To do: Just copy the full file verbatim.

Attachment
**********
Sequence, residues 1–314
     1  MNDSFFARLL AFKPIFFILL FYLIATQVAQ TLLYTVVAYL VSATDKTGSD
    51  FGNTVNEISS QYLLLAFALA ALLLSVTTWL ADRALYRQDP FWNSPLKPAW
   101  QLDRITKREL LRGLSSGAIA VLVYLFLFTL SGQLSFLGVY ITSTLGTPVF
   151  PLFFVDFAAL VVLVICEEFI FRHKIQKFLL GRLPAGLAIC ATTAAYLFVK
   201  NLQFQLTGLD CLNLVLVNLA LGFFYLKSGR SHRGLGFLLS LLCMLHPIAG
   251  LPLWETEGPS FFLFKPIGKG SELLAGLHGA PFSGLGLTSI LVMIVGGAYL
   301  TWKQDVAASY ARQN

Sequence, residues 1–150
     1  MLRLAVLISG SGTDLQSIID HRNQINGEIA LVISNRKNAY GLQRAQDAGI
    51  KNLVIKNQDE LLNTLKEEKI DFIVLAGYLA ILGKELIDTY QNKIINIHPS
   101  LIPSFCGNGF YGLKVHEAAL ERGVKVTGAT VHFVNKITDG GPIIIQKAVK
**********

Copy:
Sequence, residues 1–314
     1  MNDSFFARLL AFKPIFFILL FYLIATQVAQ TLLYTVVAYL VSATDKTGSD
    51  FGNTVNEISS QYLLLAFALA ALLLSVTTWL ADRALYRQDP FWNSPLKPAW
   101  QLDRITKREL LRGLSSGAIA VLVYLFLFTL SGQLSFLGVY ITSTLGTPVF
   151  PLFFVDFAAL VVLVICEEFI FRHKIQKFLL GRLPAGLAIC ATTAAYLFVK
   201  NLQFQLTGLD CLNLVLVNLA LGFFYLKSGR SHRGLGFLLS LLCMLHPIAG
   251  LPLWETEGPS FFLFKPIGKG SELLAGLHGA PFSGLGLTSI LVMIVGGAYL
   301  TWKQDVAASY ARQN

Sequence, residues 1–150
     1  MLRLAVLISG SGTDLQSIID HRNQINGEIA LVISNRKNAY GLQRAQDAGI
    51  KNLVIKNQDE LLNTLKEEKI DFIVLAGYLA ILGKELIDTY QNKIINIHPS
   101  LIPSFCGNGF YGLKVHEAAL ERGVKVTGAT VHFVNKITDG GPIIIQKAVK